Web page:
all composting worms. this way i'm building up my
population of worms in all layers of the soil and
not just the composters of organic stuff near the
The 95% solution: feed such scraps to chickens, who will ravenously
consume them. out of the MANY squash seeds (from the "guts" I've fed
my chickens), I've had just four volunteers crop up this year in prior
locations of my chicken tractor. Of course, if the chickens were
still situated where they'd been fed the seeds, they'd have consumed
the sprout as it emerged, so survivors are merely a function of my own
process. I just dig 'em up with a post hole digger and transplant
Also, both are excellent sources of moisture, which the worm bin needs
taking some partially composted material and sending it through a
chipper-shreader with straw (from a straw bale) works wonders. Small
bits = more surface area, and therefore more surface for bacteria to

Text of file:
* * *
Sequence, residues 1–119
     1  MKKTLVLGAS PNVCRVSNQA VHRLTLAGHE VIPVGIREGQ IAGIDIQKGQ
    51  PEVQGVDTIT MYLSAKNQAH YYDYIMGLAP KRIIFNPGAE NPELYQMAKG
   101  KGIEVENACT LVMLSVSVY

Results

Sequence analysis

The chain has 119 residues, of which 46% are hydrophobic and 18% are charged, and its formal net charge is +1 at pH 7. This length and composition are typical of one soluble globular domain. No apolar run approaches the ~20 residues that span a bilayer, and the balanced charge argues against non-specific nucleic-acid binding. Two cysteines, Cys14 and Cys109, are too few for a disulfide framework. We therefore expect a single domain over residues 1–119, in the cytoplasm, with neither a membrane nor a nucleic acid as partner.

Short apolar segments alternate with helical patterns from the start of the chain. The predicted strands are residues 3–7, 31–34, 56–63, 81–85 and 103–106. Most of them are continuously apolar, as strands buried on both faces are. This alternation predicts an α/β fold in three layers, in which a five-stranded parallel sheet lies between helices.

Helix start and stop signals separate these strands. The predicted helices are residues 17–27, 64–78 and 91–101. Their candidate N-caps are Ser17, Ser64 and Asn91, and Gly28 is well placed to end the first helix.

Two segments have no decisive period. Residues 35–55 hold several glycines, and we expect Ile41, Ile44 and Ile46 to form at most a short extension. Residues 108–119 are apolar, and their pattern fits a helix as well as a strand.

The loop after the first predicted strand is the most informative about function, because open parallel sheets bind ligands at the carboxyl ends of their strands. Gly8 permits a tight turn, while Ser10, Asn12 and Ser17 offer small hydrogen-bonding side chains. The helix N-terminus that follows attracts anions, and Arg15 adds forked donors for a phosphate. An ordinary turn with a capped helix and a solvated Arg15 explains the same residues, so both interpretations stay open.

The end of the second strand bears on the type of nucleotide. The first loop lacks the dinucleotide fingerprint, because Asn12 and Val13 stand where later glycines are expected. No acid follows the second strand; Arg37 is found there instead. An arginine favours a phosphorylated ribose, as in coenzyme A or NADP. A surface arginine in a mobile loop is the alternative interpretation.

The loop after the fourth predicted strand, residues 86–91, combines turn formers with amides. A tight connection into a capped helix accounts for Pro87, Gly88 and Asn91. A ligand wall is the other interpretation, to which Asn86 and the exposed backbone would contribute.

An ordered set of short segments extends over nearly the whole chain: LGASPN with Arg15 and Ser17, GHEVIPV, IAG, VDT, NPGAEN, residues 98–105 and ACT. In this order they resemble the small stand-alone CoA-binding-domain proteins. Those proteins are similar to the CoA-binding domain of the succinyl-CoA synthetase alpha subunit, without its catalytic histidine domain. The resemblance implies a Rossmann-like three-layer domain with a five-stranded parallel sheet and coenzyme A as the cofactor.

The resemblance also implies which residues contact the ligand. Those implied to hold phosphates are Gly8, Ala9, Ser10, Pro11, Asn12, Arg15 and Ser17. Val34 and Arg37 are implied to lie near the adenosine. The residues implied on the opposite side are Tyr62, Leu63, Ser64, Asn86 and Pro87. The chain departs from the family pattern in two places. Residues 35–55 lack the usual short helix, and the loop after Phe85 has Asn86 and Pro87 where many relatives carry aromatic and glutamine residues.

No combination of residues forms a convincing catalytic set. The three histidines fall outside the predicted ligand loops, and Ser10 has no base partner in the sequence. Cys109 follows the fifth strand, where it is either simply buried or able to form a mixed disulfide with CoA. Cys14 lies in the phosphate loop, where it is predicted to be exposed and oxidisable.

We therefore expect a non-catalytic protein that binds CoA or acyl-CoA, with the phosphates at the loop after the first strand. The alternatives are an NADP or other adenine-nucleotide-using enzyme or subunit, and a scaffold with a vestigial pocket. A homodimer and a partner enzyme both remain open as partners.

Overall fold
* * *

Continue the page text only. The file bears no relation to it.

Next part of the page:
break them down.
some of us don't want to keep other animals
(or can't because of limited space or abilities).
for me keeping worms is enough.
right now i'm snipping them off when they sprout
in a garden where i don't want them to grow.
instant green manure.
heh, i just put out many lbs of very soggy
worms and they were very healthy. short of
swimming they are fine. heavier to move though.
and not recommended until there are enough worms
to keep it oxygenated. a bin with only a few
worms and a lot of veggie scraps will likely
ferment or get into other kinds of rot that
don't smell good. a wet soggy bin on the good
side of things smells like the bottom of a ditch
we wouldn't get enough use out of a chipper/shredder
to make it worth owning one. i did get a medium duty
paper shredder as that freed up more space than it took